• Tony says:


      I’m confused. Here’s Exodus 15:20:

      Then Miriam the prophet, Aaron’s sister, took a timbrel in her hand, and all the women followed her, with timbrels and dancing.

      Are you suggesting, because this one event occurred, that Miriam wasn’t also a leader of men? I think you must be making a joke. If you look at the references to Moses and Aaron and Miriam, there’s no difference in how they’re mentioned in Scripture.

      My wife agrees with you. She’s more of a complementarian than I am. =)

  3. Anders says:

    Ha, ha! Remember God’s command in Gen. 21.12: “Abraham, listen to your wife.” Regarding Miriam, she had undeniable leadership qualities as demonstrated even as a young girl in the way she handled Pharaoh’s daughter by the river Nile. Paul bases his teaching on woman’s place in the church on Genesis 2; “the woman was created for the man”. Now that does not sit well with many women. Somehow being created to help a man makes them feel inferior. However, the chapter also teaches that man without a woman is useless. He is to “cleave to his wife”. There seems to me to be a balance there.
    I admit that there are unclear issues: for example, what does the Bible teach about female prophets? Didn’t they “lead” men? They certainly spoke the word of the Lord and they certainly counseled individual men. The instances are relatively few in the Bible, Deborah being the most outstanding example. Personally, I am of the persuasion that she judged Israel because men (Barak) shirked their responsibilities. Just as men are shirking their responsibilities in the church today and are being replaced by women. That is not a positive development according to Isaiah 3.12.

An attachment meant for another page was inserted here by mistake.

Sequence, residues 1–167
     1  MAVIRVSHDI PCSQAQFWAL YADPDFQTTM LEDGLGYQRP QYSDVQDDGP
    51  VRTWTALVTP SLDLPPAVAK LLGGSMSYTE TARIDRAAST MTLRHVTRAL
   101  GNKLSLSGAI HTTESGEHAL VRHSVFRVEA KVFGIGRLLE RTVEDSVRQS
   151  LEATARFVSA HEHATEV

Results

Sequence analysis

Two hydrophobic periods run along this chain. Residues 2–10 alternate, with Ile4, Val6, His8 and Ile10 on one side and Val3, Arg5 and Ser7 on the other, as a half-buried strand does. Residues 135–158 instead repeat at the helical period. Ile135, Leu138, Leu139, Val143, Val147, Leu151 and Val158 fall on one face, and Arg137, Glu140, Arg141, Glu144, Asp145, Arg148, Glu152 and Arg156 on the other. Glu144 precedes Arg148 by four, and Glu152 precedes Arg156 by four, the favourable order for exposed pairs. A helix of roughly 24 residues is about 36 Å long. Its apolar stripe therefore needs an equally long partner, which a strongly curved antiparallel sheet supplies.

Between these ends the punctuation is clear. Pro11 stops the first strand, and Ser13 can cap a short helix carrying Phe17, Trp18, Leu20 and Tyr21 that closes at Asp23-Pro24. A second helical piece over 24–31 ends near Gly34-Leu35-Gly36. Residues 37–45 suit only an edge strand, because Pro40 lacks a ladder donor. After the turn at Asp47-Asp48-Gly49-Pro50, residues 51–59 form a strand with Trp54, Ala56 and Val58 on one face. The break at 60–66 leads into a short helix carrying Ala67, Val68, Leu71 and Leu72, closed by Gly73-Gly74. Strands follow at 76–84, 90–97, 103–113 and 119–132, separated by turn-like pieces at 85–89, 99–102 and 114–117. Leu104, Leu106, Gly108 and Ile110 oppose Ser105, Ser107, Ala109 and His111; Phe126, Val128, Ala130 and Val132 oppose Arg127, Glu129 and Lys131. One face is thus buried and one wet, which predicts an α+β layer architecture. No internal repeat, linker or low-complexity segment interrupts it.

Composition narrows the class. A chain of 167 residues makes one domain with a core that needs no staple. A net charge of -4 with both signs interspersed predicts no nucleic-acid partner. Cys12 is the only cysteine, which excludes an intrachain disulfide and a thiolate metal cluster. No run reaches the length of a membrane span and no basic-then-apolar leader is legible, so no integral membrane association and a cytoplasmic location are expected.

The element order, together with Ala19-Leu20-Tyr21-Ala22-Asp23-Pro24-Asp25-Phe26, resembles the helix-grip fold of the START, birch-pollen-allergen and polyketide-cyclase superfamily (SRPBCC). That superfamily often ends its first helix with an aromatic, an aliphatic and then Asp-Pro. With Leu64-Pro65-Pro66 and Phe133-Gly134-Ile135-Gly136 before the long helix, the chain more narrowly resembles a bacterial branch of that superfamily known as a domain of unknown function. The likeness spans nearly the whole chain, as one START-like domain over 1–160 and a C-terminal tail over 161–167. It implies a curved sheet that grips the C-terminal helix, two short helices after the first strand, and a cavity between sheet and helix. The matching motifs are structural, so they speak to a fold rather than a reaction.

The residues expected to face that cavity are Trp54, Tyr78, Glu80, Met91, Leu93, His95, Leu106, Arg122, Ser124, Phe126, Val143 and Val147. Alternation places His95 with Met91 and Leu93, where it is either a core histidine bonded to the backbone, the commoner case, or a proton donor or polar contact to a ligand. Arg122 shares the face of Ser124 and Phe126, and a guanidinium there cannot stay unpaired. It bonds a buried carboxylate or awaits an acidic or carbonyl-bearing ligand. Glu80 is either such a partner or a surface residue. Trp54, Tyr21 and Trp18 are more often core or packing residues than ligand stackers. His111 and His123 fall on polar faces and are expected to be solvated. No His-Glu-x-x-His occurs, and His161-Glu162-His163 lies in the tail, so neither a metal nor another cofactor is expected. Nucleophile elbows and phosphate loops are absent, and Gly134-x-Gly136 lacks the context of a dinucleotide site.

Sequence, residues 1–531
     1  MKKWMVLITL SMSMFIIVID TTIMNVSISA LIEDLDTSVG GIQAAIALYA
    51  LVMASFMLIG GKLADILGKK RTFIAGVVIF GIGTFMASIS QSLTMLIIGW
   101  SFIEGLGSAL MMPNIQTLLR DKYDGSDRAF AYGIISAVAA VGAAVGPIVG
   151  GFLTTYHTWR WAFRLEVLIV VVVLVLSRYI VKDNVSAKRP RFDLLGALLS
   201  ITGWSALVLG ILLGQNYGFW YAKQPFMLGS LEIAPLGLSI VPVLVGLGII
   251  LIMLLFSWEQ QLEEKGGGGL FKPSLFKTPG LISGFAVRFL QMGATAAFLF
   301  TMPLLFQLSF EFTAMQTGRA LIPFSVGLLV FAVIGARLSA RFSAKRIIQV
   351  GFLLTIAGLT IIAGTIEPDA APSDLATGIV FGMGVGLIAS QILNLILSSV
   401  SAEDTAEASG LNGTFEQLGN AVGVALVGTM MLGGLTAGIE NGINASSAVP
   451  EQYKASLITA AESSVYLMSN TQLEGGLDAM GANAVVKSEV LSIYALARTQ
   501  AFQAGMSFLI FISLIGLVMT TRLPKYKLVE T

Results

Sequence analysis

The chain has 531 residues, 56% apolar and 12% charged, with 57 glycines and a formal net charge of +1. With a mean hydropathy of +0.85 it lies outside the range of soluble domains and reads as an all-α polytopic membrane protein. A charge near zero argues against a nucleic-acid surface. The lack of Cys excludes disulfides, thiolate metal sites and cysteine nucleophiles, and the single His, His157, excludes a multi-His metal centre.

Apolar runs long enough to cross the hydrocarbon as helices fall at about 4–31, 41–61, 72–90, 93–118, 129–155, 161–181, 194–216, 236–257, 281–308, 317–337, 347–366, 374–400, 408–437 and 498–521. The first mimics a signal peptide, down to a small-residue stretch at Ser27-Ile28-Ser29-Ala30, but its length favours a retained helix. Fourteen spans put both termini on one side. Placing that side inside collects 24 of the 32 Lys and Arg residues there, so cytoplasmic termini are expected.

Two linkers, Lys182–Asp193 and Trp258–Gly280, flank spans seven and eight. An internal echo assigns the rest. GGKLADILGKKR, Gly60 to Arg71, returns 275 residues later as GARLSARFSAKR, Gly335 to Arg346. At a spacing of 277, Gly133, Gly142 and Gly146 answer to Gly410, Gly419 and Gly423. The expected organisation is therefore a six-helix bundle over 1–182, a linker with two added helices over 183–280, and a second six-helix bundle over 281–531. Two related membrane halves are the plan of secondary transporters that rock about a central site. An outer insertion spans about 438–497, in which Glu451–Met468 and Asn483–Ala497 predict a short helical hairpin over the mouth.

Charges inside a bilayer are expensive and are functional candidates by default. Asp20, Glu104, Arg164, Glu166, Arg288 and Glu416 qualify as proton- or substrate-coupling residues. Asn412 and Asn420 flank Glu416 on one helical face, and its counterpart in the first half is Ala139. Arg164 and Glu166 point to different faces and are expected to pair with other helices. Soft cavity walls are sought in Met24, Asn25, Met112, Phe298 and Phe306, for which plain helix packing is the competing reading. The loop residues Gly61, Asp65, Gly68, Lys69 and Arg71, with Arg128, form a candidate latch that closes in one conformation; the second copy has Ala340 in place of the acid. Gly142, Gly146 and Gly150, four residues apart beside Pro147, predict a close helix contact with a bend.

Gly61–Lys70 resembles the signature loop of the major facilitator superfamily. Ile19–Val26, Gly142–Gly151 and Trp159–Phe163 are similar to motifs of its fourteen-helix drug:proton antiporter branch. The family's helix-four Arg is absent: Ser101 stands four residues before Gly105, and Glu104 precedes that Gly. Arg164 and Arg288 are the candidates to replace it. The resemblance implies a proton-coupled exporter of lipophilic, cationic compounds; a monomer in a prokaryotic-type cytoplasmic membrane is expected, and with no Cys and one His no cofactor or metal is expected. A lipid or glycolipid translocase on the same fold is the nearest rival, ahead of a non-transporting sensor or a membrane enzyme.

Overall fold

Paul writes that a prophet “speaks to men to edification and exhortation and comfort.” (1 Cor. 14.3) There is no reason why a woman can not do that. But the bottom line is that woman was created to minister, not to rule.